LONDON (Reuters) - After whittling down a pile of 155 novels, the judges of the Man Booker Prize are set to unveil this year’s winner of a 50,000 sterling ($61,200) award that can have a “seismic” impact on a writer’s career.
The Man Booker is a key event in Britain’s cultural life. The winner will be announced live on television on Oct. 25.
It is one of the country’s biggest literary awards and can have a life-changing impact on writers’ sales and bank balances.
“The impact is downright seismic. It does change your status as a writer and the money is fantastic,” Marlon James, who won in 2015 with “A Brief History of Seven Killings”, told Reuters.
“It does have an immense impact on sales. It made the top five of the New York Times bestseller list, which I don’t think it would have before.”
The five judges, who read all the submissions once and the long- and short-listed entries several times, are looking for the year’s best novel written in English and published in Britain.
This year’s shortlist includes works by three Britons, two Americans and a Canadian and the field is still wide open.
“We pick the winner on the same day that it’s announced,” said judge Jon Day, a lecturer in English at King’s College London. “It is going to be a very long and difficult decision.”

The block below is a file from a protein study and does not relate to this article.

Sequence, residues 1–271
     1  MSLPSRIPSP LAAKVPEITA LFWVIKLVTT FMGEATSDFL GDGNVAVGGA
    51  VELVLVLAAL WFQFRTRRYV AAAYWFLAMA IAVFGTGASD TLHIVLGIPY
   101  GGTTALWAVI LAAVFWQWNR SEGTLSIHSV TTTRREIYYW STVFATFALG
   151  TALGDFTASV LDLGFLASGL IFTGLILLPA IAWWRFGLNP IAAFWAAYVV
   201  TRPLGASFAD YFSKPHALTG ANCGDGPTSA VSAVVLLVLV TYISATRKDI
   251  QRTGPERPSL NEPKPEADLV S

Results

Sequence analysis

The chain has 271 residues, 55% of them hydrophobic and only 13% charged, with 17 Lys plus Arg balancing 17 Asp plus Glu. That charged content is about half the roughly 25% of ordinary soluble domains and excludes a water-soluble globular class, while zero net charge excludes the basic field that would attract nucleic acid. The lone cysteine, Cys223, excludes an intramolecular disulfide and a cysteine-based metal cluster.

After reading a book a day for six months in what Day likened to a “posh book club”, the judges cut the pile down to a longlist of 13 then a shortlist of six.
This year’s six are:
The Sellout by American Paul Beatty, Hot Milk by Deborah Levy, His Bloody Project by Scot Graeme Macrae Burnet, Eileen by American Ottessa Moshfegh, All That Man Is by David Szalay and Do Not Say We Have Nothing by Canadian Madeleine Thien.
“The books on our shortlist are united in their interest in the world as it is today. Even those novels set in the past seem to speak to our moment in all sorts of interesting ways,” Day said.
There is no consensus among bookmakers on who will win; but on Friday comparison site Oddschecker put Thien’s Do Not Say We Have Nothing, an epic story of China from the communist revolution to the Tiananmen Square protests, ahead of Levy’s Hot Milk, a tale of identity and sexuality seen through the eyes of a young woman accompanying her mother seeking treatment in a Spanish clinic.
So has winning the prize raised expectations of Marlon James, as he works on his follow-up to “Seven Killings”?
“It can be a game-changer in your life as an author if you want it to,” he said. “You can sometimes get consumed by expectations. But usually when I go back to writing I’m in the same room as when I wrote the last one so I don’t think of that, especially as you won’t take risks if you do.”
Editing by Ralph Boulton